The National Animal Germplasm Program (NAGP) collection has exceeded 1 million samples by adding eight new populations or breeds and filling collection gaps on 37 other breeds in fiscal year 2020 (Subobjective 1B and 1C). The second largest swine genetics company requested backup of their breeding populations because of the continuing threat of African Swine Flu and this is substantially finished. Germplasm samples from the sheep populations and tissues samples from cattle, swine, and sheep collections were sent to Fort Collins, Colorado, from ARS in Clay Center, Nebraska. In fiscal year 2020, 232 samples from 78 animals representing ten breeds exited the repository and were used for live animal regeneration (150), research (39), and DNA analysis (43). We have previously shown cattle of the same breed raised in varying geographic regions have different gene frequencies for genes associated with environmental stress. This analysis evaluated how geographic, and thereby environmental differences, impact estimates of heritability for the intramuscular fat trait, using the statistical method of random regression. Data from 227,902 animals provided by the American Hereford Association were used. Results suggest in harsher environments heritability is decreased, which in turn can impact estimation of genetic merit. Furthermore, the differences in heritability confirm the presence of genetic by environmental interactions. Knowledge and quantification of these differences can be used by breed associations in their evaluation of an animal's genetic merit with improved accuracy. The NAGP will use the information to target collections from diverse environments. Previously there has been no genetic diversity assessment for non-industrial chicken breeds in the U.S. (Subobjective 3A). Two important aspects in evaluating rare chicken breed genetic diversity are genetic differences among various breeds and within breed diversity among hatcheries producing the same breeds. Therefore, ARS scientists in Fort Collins, Colorado, evaluated ten non-industrial rare chicken breeds from nine hatcheries. Genetic analysis suggested that the New Hampshire is similar to the Rhode Island Red, its progenitor breed. Andalusian was found to be similar to both the Aseel and Phoenix breeds. For eight of the ten breeds, effective population size (a measure of genetic variability) ranged from 79 to 145 animals; which is greater than the 50 animals recommended by the United Nations Food and Agriculture Organization guidelines for livestock conservation. The Aseel and Crevecoeur breeds had effective population sizes of 44 and 47, respectively. While lower than the recommended minimum, the statistic still suggests the rate of inbreeding can be effectively managed. When ARS scientists evaluated hatchery differences within the breeds Crevecoeur, Aseel, and Buttercup, the hatcheries appear to be using a similar source of genetics for their breeding stock. This raises concerns about hatchery ability to maintain genetic variation in the identified populations. The remaining seven breeds were found to have genetic structure similar to other breeds of livestock, suggesting more genetic differences among hatcheries is present. The NAGP collection of Wagyu cattle was evaluated for genetic diversity and how well the collection represented the breed by using the minimum variance clustering approach based upon the breed association’s pedigree records (Subobjective 3A). Several gaps in the collection were identified and will be filled in the next fiscal year. Fort Collins, Colorado scientists’ assessment of Wagyu showed the average level of inbreeding was 10% and the effective population size was 28 animals. The small effective population size suggests that breeders need to carefully plan their breeding programs. The Wagyu association recognized the need for better mating plans and has been working with ARS scientists in Fort Collins, Colorado, to incorporate the minimum variance clustering technique onto their website so producers can more fully use the information to plan future mating. Laboratories assess livestock and human semen before and after freezing using computer assisted sperm analysis for quality control purposes (Subobjective 4A). However, no evaluations have been performed over time, which is crucial to gene banking. Over 300 beef and dairy bull semen samples from the NAGP germplasm collection in Fort Collins, Colorado, were evaluated to assess sample quality using computer assisted sperm analysis. This evaluation includes year cryopreserved, from 1950’s to 2010, and various industry sources. Over time, motility of the samples remained constant, ranging from 40 to 50 percent. It was noted that cell speed movement for dairy bulls was faster than beef bulls and it is unclear if faster speeds are indicative of increased or decreased fertilization. Companies freezing bull sperm use a wide variety of proprietary processes but in this analysis little difference between companies was found, suggesting an equivalence among sources when acquiring germplasm for the collection. Over time, laboratories update their equipment generally assuming the results between old and new machines are the same. Computer assisted sperm analysis machines purchased from the same manufacturer in 2000 and 2014 were compared using post-thawed boar semen. The same sample from each boar was evaluated on each machine. They differed between the old and new machine. However, using regression models each parameter measured from the old machine could be corrected to be comparable to the new machine which allows a number of future comparisons. Freezing oocytes broadens the genetic diversity of the collection and provides alternative approaches for collection use (Subobjective 4B). However, the freezing process is technically challenging and time consuming because typically used devices are rate limited (designed to freeze one oocyte at a time). To increase the processing rate, a 3D printed device was developed that allows a technician to freeze larger quantities of oocytes simultaneously. Testing with both pig and cattle oocytes showed how the 3D printed device is more ergonomically friendly and should result in greater ease of use by a technician and increase the number of oocytes that can be processed per unit of time. Additional testing by other laboratories is needed to validate the devices’ utility.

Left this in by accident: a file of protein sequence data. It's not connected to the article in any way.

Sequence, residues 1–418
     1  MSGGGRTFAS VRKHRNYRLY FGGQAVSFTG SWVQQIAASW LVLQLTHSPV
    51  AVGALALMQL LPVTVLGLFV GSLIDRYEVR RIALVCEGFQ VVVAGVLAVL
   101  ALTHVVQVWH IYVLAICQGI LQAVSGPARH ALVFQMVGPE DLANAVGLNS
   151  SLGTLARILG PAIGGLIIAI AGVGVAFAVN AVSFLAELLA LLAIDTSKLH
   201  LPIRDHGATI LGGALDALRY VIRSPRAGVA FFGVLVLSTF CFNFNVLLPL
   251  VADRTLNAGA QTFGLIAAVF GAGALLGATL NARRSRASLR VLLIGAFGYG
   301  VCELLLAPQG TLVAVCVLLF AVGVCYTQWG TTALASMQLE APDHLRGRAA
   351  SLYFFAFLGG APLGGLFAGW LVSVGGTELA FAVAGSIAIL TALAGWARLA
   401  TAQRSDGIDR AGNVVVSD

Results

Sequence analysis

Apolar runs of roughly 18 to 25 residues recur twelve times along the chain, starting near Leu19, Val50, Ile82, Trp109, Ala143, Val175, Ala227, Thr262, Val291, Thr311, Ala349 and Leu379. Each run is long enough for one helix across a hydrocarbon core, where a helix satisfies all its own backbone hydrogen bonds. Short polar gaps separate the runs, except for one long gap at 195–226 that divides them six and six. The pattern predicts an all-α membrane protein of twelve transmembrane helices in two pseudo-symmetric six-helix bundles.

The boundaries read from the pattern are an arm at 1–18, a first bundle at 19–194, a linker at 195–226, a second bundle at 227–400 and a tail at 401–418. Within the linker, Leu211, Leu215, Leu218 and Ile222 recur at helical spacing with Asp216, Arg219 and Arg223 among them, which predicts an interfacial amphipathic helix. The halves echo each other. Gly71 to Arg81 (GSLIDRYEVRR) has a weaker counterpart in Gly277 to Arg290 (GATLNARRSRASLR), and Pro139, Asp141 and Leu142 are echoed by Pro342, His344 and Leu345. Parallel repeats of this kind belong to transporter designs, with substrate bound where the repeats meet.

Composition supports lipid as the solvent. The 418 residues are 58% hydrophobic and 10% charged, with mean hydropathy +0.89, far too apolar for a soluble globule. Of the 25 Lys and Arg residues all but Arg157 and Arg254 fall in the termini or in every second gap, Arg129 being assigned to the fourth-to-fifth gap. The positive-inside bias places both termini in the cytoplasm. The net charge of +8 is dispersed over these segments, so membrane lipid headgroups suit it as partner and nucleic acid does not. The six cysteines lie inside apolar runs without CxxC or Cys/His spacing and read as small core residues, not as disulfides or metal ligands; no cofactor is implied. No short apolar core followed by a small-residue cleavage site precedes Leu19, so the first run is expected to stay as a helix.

1. Time horizons in gene banking and cattle breeding, reaching a major milestone. Developing a comprehensive national collection of animal genetic resources requires substantial resources and long-term commitment. The livestock industry relies on the National Animal Germplasm Program (NAGP) collection to underpin its entire sector and increasingly utilizes the collection to address threats such as disease and shrinking genetic diversity. To meet this critical food security need, ARS scientists in Fort Collins, Colorado, increased the animal germplasm collection to more than 1 million samples and profoundly expanded its diversity. Recent high-profile uses include: 1) Brangus breeders found in their cattle a mutation, white eye disease. The NAGP collection contained the only sample of an important key ancestor (born 1982) that tested negative for the condition. Genomic testing can be used to eliminate such mutations, but comprehensive testing is cost-prohibitive. Thus, key ancestors are tested and if negative their offspring do not need testing. The NAGP sample of the key ancestor reduced the number of cattle tested by 150,000 animals and saved the industry about $1.5 million. 2) The nation’s largest seller of beef bulls (>3,900) needed to reintroduce 1980s-1990s genetics to advance their breeding program. This breeder accessed the NAGP collection for bulls born in 1987 and 1993 with the desired genetics. Samples from the collection produced approximately 70 embryos that were implanted in cows and will soon calve, thus advancing this critical breeding line. This approach is a paradigm shift, in that researchers and industry have viewed genetic improvement one dimensionally – only using the current population to find solutions. Both recent examples highlight the industry value of the NAGP with its diverse genetic collection to address current threats – enabling this paradigm shift and highlighting the critical need of the NAGP genetic resources collection.
2. Expanding genetic diversity in rare swine breeds. Rare breed producers generally fall within the USDA category of “underserved stakeholders”, and Large Black swine are one such breed. ARS scientists in Fort Collins, Colorado, in collaboration with researchers from Purdue University and the Livestock Conservancy leveraged ARS Innovation Funds to import Large Black semen from the United Kingdom, store the material in Fort Collins, Colorado, and then release it to mate Large Black sows maintained at Purdue University. This produced approximately 100 pigs that were transferred to breeders, as well as two Large Black boars that were added to a commercial operation’s stud line-up. The breeding of these Large Black pigs with genetics from United Kingdom empowered the breeders to use the new genetic resources for breed improvement. This advancement was critically important because underserved farmers often lack the technical expertise to perform artificial insemination and prepare females for mating, which reduces success of artificial insemination especially from semen originating from international sources.